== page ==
The guys in the kitchen aren’t trying to belittle anyone, in fact, our combined musical tastes run the gamut, yet there’s a certain level of musical acumen expected if you want to be taken seriously as a part of the conversation and that, ultimately becomes at least somewhat exclusive. When it comes to what I sing while I’m slicing onions, the ramifications of rock don’t really matter; they’re going to play the same ten songs again tomorrow. When it comes to life in the larger context, how easily I make it to sing along with me or how willing I am to join in with someone else becomes more critical. Harmony and humility, it seems, are essential partners.

    I’ve ended up getting a little heavier than perhaps the story of our kitchen singing can hold. Somewhere during the day today, we moved from snarping on the songs to singing along. It just seemed like something worth noting and carrying home.



    1. I read an article recently that cited a study suggesting that people who sing out loud daily are happier than those who don’t. So now I regularly tune into the oldie’s station so I can sing along in the car with my favorite songs from my younger days. I’m picturing your kitchen as a very happy place, everyone singing and dancing as they go about their tasks.

    2. I’ve been hearing a lot of the oldie’s station around my house as various contractors are working (unless it’s the Mexican Ranchera music, which I don’t quite appreciate as much). It’s been fun, and I have to say, I relate to those old songs (corny and dated as they are) more than most of today’s music — gosh, I sound old!

      I like Ann’s idea of singing along in the car — NPR gets a bit depressing after a while.

    3. I love this post – not sure whether to thank you or be angry that I now have that horrible image of Terry Jacks in my mind’s eye. Have you ever seen someone look more pained to be “singing” his hit song on national tv?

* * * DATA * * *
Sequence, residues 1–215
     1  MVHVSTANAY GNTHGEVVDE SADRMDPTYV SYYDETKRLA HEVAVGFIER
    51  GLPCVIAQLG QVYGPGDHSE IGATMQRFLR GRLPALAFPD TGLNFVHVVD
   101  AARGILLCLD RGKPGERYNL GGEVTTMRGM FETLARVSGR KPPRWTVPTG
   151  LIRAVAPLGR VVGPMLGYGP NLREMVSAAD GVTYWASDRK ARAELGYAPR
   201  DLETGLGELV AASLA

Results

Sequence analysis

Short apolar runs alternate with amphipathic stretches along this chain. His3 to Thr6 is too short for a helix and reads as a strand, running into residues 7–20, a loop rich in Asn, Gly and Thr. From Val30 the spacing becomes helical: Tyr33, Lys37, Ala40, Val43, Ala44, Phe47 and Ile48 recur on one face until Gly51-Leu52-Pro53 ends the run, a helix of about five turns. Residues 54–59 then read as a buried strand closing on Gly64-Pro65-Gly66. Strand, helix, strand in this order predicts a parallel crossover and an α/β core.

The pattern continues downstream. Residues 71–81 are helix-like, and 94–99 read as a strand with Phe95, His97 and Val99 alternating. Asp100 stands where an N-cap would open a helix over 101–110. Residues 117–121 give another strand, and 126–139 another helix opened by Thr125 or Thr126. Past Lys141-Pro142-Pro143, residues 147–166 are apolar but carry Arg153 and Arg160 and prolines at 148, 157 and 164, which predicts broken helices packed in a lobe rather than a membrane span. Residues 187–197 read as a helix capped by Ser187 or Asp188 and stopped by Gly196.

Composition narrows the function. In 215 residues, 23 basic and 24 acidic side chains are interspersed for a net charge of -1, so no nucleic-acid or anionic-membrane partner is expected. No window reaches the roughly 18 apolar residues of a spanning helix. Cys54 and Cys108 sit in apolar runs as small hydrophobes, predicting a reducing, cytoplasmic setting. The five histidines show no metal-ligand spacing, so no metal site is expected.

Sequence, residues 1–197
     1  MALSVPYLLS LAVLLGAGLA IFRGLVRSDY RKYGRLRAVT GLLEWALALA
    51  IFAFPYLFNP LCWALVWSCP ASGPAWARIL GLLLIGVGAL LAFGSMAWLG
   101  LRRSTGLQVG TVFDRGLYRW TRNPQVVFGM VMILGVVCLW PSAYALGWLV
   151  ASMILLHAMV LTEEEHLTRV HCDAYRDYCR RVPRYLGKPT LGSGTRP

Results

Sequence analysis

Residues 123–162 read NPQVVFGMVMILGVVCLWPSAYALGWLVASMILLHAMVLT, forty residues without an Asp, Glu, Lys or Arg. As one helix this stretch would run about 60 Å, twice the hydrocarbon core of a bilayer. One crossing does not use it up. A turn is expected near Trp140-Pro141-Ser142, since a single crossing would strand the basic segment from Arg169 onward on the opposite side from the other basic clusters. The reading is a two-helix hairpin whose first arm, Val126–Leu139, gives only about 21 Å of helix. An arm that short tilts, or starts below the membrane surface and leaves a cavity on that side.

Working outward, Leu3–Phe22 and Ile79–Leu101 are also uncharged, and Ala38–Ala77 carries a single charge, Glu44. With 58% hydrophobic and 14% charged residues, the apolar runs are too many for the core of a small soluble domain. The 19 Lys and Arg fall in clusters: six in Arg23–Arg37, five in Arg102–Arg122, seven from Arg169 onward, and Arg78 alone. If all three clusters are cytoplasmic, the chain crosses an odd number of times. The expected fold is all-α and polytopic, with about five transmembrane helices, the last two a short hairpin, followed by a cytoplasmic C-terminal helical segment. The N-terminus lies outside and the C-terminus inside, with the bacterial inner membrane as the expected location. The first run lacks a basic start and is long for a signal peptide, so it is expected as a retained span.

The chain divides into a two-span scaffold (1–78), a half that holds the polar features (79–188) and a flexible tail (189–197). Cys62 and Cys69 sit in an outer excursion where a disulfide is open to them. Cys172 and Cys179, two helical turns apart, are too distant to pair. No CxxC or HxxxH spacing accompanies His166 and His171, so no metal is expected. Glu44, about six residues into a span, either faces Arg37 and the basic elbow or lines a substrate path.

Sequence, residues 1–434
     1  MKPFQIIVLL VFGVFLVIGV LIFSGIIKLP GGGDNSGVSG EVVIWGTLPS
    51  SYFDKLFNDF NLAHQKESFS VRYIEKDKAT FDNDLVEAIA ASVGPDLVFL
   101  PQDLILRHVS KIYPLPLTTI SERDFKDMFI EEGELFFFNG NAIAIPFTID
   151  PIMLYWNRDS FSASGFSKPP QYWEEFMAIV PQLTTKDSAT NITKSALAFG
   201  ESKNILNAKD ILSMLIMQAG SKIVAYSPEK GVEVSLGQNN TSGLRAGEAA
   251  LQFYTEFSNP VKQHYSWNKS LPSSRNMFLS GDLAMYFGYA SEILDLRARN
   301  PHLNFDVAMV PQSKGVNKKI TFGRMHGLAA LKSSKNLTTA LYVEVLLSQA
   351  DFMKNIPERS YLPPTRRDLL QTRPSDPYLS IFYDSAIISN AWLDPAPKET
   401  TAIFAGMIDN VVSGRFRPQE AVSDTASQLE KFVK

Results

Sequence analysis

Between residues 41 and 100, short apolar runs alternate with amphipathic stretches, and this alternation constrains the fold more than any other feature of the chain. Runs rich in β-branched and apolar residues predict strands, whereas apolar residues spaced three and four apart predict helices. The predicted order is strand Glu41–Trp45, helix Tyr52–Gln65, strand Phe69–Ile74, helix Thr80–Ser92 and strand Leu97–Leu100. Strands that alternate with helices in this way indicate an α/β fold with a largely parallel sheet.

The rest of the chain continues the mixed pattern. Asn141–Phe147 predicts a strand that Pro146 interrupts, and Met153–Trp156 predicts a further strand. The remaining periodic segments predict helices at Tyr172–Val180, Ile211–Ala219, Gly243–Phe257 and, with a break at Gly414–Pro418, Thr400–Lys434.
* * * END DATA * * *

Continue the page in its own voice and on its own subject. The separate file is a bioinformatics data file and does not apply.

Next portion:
Every time I hit one of your hyperlinks, I closed my eyes and waited for the tune to emerge from my speakers. Thanks for this trip down memory lane…we were at the same place, same time. ‘Daisy Jane’ was one of my all-time forever favorites…

      This post made my day, ’cause I think just like you do. Going off to sing along, regardless of the cool factor.

      Great post. Good to have you blessing the world.

    4. I remember all those songs and virtually none of the bands responsible (the information just doesn’t stick for me). I could write a book on work and music, mostly how hard it is to put up with music you really can’t relate to (unless the volume is low enough). In my nights at Target I am often serenaded by what sounds to me like Spanish rap (lots of beat and repetition, little or no melody), other “plinky” sounding Spanish music, or regular American rap (most of which doesn’t appeal much either). Occasionally folks will tune into a station whose slogan is “We play everything”, and they pretty much do – even “Alice’s Restaurant” at 3:00 am one morning that was not Thanksgiving. As long as the volume is low enough, I can put up with anything, but some of these folks are of the “louder is always better” crowd.